Some stories you have to look for. Others can be found simply by paying attention. But once in a while you can find a story like I found while sitting across a broad, round table with a cotton tablecloth that fell like a white cotton waterfall.
I fished a micro-recorder from my jeans, set it on the lazy Susan, and gave it a good shove to overcome first inertia and then friction, to position it where it needed to be.
My estimate was proven to be right on target as the lazy Susan traveled past Buns, then Theresa, and stopped directly in front of Kent Shillings. Kent eye-balled the small recorder, took a deep, head-clearing breath, and then launched into his story to be presented as evidence that even our most laudable virtues can become liabilities when carried to extreme. (Of course, there is a business application for this story and if you are sharp, I won’t have to point it out for you!)
Shillings leaned forward, expecting us to follow his lead and bow carefully to an imagined campfire. And we did. (In addition to being a successful home-builder, Kent is a volunteer firefighter, a well known rattlesnake hunter, and as you are about to discover, a world-class storyteller.) Shillings of Goldthwaite, Texas takes it from here:
“I used to teach shooting sports. And there are two key truths to keeping the sport safe: Use the right equipment and use the equipment right.
Two of my students came from a single parent household and their momma, like most country people, was independent as all get out! Well, one afternoon she happened to look out the window and saw a coon walking toward the house. Not a little funny-faced one but a big, aggressive, probably-weighed-sixty-pounds raccoon.
“Now this woman was one of those slow moving people that you imagine are thinking even slower than they are moving. That’s what you would imagine but at least in this case…you would be wrong. She knew she had to kill the coon before it started terrorizing the farm animals or fighting with the dogs. In the country there is always a gun or two within easy reach, usually a .22 for things such as coons, a shotgun for dusting varmints like snakes, and undoubtedly a handgun or two not far away. She grabbed the .22, fired once, and the coon was no longer.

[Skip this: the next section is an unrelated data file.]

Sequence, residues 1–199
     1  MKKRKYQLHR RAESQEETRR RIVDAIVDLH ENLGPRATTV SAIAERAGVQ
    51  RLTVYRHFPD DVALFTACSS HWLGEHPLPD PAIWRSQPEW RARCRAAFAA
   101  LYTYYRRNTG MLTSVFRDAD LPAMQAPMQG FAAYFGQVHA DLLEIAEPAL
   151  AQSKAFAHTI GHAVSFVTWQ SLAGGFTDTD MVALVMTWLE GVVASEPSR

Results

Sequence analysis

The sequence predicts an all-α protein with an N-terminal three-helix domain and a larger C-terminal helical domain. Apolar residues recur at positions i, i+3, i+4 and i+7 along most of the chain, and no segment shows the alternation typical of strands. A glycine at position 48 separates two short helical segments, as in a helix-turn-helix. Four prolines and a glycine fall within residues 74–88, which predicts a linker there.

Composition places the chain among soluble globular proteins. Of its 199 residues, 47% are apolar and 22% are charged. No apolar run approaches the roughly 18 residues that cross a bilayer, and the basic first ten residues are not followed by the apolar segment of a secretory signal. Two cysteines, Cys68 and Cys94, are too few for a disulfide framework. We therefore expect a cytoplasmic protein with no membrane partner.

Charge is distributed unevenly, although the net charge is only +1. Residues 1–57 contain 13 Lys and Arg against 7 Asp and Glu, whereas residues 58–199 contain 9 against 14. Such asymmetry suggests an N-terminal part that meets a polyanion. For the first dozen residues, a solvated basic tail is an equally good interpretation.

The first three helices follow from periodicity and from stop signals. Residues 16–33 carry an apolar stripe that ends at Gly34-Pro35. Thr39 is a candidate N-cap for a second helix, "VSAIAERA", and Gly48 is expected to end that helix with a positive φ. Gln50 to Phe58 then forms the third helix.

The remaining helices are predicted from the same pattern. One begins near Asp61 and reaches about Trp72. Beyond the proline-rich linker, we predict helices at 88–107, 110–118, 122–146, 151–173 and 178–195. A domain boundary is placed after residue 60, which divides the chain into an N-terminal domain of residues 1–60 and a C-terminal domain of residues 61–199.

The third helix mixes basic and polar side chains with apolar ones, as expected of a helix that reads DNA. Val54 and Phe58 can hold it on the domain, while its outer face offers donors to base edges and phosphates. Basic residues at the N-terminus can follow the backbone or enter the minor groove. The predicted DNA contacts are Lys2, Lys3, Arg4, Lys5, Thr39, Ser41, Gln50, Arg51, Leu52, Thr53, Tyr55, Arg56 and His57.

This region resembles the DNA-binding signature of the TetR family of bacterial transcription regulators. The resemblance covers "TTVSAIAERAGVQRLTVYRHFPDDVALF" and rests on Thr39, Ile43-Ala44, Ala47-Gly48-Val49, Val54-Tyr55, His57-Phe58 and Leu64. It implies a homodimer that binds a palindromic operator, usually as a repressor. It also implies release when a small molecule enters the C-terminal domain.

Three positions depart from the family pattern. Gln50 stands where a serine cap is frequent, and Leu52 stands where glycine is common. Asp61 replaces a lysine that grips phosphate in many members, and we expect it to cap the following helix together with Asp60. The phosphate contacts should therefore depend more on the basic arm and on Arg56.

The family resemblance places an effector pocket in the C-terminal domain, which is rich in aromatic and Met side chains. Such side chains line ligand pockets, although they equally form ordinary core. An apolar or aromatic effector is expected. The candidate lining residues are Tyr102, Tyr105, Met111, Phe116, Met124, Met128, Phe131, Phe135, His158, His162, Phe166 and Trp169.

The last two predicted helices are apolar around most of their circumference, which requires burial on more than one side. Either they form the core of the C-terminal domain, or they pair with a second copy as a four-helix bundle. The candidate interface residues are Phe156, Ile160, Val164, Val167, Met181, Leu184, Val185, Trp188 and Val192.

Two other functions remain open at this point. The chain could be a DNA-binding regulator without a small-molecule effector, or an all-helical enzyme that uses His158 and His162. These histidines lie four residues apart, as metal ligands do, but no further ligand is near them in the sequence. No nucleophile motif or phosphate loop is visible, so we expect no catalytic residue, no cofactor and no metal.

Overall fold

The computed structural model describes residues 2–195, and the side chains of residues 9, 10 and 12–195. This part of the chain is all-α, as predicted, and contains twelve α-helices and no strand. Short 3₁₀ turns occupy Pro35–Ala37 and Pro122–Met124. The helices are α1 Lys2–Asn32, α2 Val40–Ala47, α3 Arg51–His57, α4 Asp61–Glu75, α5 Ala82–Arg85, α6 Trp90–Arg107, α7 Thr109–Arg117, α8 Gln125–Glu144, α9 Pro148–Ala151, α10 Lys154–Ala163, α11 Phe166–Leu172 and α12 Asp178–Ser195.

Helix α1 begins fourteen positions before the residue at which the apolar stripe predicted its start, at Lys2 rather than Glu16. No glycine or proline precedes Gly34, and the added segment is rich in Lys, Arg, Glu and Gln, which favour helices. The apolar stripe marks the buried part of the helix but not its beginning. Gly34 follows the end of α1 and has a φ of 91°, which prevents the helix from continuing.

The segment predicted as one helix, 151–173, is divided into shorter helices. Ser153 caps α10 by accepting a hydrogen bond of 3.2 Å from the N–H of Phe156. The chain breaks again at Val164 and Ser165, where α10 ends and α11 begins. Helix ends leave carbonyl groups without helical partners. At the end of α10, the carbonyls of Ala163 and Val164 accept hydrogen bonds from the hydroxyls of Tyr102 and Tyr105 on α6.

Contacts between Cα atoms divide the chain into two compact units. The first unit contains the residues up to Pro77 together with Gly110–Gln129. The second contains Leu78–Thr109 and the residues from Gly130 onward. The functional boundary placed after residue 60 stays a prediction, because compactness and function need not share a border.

“Knowing that coons can carry rabies, even a dead coon presents a big problem. Out in the barn she grabbed the first tool she saw, a post hole digger and began the hard work of digging a grave. Shallow was the best she could do since in the craggy landscape of Mills County, Texas, the soil is thin and rocky. The finished product was narrow with straight sides, more shaft than grave.
“Realizing the coon would likely be exhumed by her curious dogs she put away her tool and searched the barn for a can of diesel. The low volatility of diesel makes it the perfect starter fuel for burning hay fields in the spring or lighting giant piles of cleared cedar any day when the weather is wet.
“Unfortunately the diesel cans were all empty. However, there was a can of gasoline. To make certain the coon would be thoroughly incinerated she filled the bottom of the shallow shaft with an inch or two of gas. Fumes lingered in the still, summer air.
Certain that warning labels apply only to ‘the other guy’, she thoroughly soaked the coon and stuffed him feet first into the too-small shaft in preparation for a warm send off to wherever it is that dead coons go.
“It may be true that under normal circumstances dead coons go to coon heaven. But God apparently makes other plans for coons in Texas that have been shot and then soaked in highly volatile fluid. Those coons go someplace special, someplace unexpected. And they go there surprisingly quick!
“She turned her head, struck the match, and tossed it behind her back toward the coon’s waiting corpse. The flaming match never made it into the grave. Instead the gasoline fumes hovering close to the ground ignited with such considerable force that it blew the now flaming corpse skyward. Like a mortar it soared in a high arch marked by a trail of thick, black, oily smoke.
If momma had ever wondered where coons go when they die, she would wonder no more. She followed the flaming ball of fur and suddenly became privy to one of nature’s best kept secrets which I will share with you now: Coon Heaven apparently is — on the roof!”
I won’t tell you about the fire that followed. Use your imagination.
Not using the right ingredients in your customer service can make it blow up!
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